“In my somewhat limited study of Orthodox theology so far, I have come to realize that because God the Father cannot be understood or fathomed by the limited human mind, any understanding of God that I receive by my own power is idolatry and heresy. I can only understand God the Father by what is revealed in and by Jesus Christ the Only Begotten Son of God. I can only receive true knowledge and understanding from the One Holy, Catholic and Apostolic Orthodox Church through Apostolic succession of bishops and priests.”
These are the words of Greg, who was introduced to Orthodoxy while serving a six-year prison sentence. Greg came to a genuine and clear understanding of the Way because Orthodox Christian Prison Ministry came into his life.
Scores of men and women languishing in the battlefield that is prison are hungry for reconciliation with God, for the healing grace that is found in the Body of Christ. They have experienced the limits of what non-Orthodox prison ministries can offer. They know there is more but don’t know where to find it. This is where we can offer the ultimate Truth and healing of the Orthodox Faith.
A lack of spiritual direction becomes evident for prisoners when they are released. They may have a place to live, a job, and access to mental health services. However, sometimes, without a healing community and a repentant understanding of what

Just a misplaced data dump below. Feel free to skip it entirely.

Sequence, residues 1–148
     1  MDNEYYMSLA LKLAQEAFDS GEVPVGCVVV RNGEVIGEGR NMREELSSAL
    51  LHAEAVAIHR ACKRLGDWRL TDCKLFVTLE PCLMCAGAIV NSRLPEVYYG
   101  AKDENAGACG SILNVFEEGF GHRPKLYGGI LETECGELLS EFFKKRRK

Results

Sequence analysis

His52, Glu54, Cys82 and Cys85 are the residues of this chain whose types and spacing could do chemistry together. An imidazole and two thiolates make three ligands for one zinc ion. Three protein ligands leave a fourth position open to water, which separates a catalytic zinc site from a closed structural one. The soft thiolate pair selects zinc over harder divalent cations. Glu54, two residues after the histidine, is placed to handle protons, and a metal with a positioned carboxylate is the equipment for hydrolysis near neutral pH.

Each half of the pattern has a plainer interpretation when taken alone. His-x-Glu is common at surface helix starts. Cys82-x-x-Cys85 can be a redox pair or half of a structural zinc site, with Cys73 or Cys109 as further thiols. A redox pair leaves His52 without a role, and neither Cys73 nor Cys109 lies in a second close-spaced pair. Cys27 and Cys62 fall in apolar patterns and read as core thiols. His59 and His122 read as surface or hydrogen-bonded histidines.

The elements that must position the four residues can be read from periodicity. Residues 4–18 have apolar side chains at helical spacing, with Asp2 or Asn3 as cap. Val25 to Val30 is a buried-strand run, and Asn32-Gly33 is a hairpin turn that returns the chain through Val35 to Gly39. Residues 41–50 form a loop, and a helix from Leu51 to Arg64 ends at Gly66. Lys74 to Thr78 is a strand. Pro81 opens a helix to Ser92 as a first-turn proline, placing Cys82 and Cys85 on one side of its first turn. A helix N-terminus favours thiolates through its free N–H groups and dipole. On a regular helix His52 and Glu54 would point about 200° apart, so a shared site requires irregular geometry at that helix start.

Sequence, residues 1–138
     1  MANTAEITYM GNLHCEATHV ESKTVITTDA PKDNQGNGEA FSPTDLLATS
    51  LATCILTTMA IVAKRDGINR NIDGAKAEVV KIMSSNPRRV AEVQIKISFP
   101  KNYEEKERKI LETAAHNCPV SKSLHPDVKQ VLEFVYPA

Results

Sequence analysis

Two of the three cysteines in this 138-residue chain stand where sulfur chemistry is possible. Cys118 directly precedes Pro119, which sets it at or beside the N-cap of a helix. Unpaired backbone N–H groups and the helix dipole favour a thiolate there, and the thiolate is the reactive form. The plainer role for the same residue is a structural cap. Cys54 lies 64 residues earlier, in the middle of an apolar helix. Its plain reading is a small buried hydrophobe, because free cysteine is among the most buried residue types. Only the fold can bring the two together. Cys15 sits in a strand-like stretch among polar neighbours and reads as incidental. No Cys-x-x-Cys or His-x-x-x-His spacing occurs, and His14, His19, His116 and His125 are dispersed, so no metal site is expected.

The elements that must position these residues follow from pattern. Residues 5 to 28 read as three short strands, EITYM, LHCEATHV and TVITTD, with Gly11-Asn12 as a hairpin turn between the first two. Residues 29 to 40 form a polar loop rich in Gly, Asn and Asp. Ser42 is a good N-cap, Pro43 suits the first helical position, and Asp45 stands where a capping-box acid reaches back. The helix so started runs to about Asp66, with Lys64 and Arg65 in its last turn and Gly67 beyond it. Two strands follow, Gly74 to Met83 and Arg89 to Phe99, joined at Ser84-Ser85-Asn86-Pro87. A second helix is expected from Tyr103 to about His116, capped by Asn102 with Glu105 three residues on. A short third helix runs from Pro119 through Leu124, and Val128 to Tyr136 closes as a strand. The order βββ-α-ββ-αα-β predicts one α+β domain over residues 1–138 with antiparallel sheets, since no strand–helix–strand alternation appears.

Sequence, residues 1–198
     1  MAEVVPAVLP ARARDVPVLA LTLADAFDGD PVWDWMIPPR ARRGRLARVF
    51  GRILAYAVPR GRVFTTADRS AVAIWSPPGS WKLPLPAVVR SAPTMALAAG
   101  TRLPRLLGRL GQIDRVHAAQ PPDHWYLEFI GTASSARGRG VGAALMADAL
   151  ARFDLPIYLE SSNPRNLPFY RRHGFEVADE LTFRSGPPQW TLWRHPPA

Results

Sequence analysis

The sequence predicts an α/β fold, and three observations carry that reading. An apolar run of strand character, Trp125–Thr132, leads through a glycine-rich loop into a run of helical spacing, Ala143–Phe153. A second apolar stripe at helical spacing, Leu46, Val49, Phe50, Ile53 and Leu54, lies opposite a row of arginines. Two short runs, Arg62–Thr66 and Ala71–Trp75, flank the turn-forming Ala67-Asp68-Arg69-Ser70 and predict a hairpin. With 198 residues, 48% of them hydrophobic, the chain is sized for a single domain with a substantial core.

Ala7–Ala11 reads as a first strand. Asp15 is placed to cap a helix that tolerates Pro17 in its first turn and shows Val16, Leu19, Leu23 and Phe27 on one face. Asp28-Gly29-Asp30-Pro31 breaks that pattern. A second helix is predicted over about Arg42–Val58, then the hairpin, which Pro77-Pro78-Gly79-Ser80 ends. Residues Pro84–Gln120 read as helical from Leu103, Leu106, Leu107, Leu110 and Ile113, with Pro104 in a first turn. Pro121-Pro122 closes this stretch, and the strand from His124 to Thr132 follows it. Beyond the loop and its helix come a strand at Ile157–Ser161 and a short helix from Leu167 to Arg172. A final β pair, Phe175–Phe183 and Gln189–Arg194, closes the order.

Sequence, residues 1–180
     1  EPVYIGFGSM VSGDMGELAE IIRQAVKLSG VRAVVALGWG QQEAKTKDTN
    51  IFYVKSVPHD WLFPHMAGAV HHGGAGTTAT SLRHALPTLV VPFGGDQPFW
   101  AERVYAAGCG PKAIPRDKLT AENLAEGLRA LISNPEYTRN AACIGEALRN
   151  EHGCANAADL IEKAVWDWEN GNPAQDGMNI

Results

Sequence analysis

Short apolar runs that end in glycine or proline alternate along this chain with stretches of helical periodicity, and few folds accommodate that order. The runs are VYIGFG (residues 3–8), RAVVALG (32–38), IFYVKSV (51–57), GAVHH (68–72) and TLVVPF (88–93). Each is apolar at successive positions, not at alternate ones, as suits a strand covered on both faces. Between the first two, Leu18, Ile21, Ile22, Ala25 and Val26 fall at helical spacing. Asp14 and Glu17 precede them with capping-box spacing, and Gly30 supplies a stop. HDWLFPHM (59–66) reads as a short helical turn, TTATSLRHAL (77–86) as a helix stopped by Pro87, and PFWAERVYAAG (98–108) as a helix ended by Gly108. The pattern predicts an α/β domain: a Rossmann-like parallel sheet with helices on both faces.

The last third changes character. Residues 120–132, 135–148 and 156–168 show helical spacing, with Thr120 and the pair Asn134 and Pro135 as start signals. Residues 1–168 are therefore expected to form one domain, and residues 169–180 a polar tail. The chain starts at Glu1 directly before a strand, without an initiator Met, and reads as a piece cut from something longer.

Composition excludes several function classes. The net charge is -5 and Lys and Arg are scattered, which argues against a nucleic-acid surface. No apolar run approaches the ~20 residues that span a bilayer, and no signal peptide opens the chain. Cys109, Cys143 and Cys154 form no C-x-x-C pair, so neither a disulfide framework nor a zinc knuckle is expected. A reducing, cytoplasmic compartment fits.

landed them in a prison cell in the first place, their freedom can’t be sustained. This is an important contributing factor to the absurdly high recidivism rate for ex-prisoners in the United States. According to the Department of Justice, 83% of prisoners released in 2005 across 30 states were arrested again within nine years of their release.
Our Lord, Himself a prisoner at the time of his Passion, clearly and unequivocally commands us to visit those in prison in Matthew 25:36, “I was in prison and you came to visit me.” Through Orthodox Christian Prison Ministry, our Church is able to do for others what we did for Greg: introduce prisoners to the power of iconography and the writings of the Church Fathers; catechize them through a specially designed correspondence course; train priests and laypeople to personally visit and counsel prisoners; and lobby more correctional facilities throughout the country to recognize the Orthodox faith.
Greg is now out of prison and living in a group home in California. He made it a priority to find an Orthodox parish within days of his release. That priority centered him and gave him a focus for his new freedom. Thank God, the Orthodox parish warmly welcomed him, something that Greg did not take for granted. He recently wrote, “I weep now as I realize the love and acceptance that was freely offered to me.” His journey to the true faith started in the unlikely place of prison, but it would not have happened had there not been a prison ministry ready to tend to him and answer his questions.
Soon, we will inaugurate Great Lent with the Vespers of Forgiveness. It is a reminder that our gracious Lord seeks reconciliation with us by making us a tool of reconciliation with others. Greg, and many like him, are waiting for someone to be that instrument of forgiveness, acceptance, and love. Are you ready to forgive everyone, even a convicted criminal?